Estimates of how many Christians are in the Holy Land are a source of lively debate. Christians are between 2 to 3% of the total population of the Holy Land today (over 2% in Israel and Jordan and under 2% in Palestine). This constitutes a major decrease in their proportion of the population since 1948.
In the Hashemite Kingdom of Jordan there are:
– about 250 000 Christian citizens who are Jordanian and Palestinian Arabs,
– tens of thousands of Christian migrant workers from Asia and Africa,
– thousands of Christians among the refugees from Syria and Iraq.
In the State of Israel, there are:
– about 120 000 to 130 000 Christian citizens who are Palestinian Arabs,
– about 30 000 to 40 000 Christian citizens who are integrated into the Jewish Israel Hebrew speaking population (most of them Russian speakers),
– about 150 000 Christian migrants (105 000 migrant workers (mostly from the Philippines, India, Sri Lanka, Nigeria, Ghana, Latin America and Eastern Europe) and about 45 000 African asylum seekers (mostly from Eritrea).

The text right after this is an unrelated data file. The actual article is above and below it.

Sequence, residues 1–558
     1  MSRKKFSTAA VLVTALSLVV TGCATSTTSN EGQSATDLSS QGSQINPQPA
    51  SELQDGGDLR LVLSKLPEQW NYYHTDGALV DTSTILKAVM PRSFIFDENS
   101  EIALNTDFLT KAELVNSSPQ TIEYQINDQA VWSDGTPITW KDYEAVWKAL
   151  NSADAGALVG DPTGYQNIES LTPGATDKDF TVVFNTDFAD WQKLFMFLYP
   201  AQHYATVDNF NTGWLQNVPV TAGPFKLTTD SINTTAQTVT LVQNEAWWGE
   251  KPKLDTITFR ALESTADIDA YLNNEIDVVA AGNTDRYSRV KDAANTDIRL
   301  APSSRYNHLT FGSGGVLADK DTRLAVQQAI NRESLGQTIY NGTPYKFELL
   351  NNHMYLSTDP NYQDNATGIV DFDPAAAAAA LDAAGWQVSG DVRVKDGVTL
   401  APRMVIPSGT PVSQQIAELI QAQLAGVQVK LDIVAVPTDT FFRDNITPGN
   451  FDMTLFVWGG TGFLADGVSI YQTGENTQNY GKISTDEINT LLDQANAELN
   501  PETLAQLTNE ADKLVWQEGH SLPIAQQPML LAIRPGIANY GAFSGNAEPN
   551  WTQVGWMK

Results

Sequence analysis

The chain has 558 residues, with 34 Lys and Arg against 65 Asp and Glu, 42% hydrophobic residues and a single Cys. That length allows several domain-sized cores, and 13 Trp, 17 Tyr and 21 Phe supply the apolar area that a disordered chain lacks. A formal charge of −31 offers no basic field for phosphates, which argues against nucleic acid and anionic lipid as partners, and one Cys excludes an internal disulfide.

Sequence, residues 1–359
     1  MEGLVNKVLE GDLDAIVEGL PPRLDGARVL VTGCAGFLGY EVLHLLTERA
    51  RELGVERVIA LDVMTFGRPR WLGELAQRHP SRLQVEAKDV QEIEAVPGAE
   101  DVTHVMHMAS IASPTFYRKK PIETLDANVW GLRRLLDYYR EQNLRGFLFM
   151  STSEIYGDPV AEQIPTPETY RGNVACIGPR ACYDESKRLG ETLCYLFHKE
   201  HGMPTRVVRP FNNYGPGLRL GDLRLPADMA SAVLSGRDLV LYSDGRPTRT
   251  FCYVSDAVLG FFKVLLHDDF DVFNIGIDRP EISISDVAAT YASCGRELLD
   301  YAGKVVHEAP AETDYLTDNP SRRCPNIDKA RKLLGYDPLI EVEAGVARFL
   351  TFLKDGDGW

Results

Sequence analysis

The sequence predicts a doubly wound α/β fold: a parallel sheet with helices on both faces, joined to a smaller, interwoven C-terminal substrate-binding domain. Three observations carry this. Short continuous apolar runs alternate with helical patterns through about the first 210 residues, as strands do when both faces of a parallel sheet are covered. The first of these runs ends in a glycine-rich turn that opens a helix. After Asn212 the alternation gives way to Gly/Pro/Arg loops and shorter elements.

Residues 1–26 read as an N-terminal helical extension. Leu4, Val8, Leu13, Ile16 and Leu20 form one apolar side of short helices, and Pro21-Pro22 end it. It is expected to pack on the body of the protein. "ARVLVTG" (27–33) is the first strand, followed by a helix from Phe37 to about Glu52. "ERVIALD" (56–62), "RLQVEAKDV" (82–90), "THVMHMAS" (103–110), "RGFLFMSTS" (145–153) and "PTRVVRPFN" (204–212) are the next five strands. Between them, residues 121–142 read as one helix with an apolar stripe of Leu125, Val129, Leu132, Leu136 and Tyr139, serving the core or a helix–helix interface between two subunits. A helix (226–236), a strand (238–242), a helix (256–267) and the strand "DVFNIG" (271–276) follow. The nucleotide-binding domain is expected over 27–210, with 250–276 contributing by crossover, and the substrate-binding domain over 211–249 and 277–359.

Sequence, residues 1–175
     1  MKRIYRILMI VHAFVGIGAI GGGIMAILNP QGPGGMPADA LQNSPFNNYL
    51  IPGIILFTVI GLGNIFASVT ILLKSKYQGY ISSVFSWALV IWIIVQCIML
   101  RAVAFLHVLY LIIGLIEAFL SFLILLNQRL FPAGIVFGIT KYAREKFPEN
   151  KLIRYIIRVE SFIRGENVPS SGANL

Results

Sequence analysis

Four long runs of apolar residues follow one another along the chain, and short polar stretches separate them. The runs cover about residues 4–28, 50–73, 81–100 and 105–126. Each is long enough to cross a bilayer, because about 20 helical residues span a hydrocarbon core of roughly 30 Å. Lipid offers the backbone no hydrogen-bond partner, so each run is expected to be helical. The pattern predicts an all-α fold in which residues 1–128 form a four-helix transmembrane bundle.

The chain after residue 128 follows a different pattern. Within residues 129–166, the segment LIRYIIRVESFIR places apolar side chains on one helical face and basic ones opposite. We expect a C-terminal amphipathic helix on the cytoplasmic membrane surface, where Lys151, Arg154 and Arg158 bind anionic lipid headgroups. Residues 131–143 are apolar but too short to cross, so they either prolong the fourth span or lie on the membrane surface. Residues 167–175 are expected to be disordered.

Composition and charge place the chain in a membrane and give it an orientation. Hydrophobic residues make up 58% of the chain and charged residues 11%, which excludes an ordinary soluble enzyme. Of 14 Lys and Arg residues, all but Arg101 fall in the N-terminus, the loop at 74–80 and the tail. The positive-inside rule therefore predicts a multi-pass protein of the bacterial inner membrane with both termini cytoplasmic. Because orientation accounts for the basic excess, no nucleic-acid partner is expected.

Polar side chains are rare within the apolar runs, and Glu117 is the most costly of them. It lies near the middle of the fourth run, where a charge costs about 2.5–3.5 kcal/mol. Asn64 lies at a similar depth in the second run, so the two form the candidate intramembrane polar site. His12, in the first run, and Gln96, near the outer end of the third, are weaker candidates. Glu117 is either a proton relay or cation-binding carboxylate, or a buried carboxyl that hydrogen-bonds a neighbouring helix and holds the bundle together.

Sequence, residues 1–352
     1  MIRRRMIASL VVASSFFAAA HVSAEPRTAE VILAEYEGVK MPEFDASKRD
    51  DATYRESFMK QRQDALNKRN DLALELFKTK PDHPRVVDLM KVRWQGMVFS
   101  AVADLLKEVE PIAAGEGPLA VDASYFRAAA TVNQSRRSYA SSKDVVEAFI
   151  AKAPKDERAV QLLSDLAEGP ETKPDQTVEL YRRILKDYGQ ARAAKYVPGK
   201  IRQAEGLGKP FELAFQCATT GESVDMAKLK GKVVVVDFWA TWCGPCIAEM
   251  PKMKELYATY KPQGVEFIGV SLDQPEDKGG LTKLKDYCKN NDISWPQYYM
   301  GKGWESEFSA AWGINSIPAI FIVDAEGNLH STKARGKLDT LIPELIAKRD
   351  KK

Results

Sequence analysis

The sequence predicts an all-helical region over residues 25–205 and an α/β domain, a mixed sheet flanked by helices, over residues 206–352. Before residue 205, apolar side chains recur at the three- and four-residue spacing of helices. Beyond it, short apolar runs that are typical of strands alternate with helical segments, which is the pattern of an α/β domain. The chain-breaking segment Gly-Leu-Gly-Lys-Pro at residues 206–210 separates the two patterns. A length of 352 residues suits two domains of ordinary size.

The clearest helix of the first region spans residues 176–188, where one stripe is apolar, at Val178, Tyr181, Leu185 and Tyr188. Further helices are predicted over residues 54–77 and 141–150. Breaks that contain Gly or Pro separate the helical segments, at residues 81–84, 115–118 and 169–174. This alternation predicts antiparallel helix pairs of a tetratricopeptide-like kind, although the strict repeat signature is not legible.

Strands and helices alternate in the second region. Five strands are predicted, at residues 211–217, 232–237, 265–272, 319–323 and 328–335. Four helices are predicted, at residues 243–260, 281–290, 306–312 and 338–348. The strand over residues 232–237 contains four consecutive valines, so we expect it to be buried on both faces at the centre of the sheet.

In the Palestinian Autonomy (and East Jerusalem) there are:
– about 50 000 Christians, almost all of them Palestinian Arabs (about 38 000 in the West Bank, about 10 000 in Jerusalem and about 2 000 in the Gaza Strip).
Christians constituted more than 10% of the population before 1948. The dramatic change occurred in the aftermath of 1948 and was due to the enormous increase in the number of Jews and the exit of many Palestinian refugees, including Christians. The continued emigration of Christian Arabs from the Holy Land and the decrease in the number of children per family within the Christian Arab community makes the decrease in the proportionate representation of the Christians in the general population an ongoing concern.
Only about 20% of Christian Palestinians live in their historic homeland today. The rest live in the Diaspora.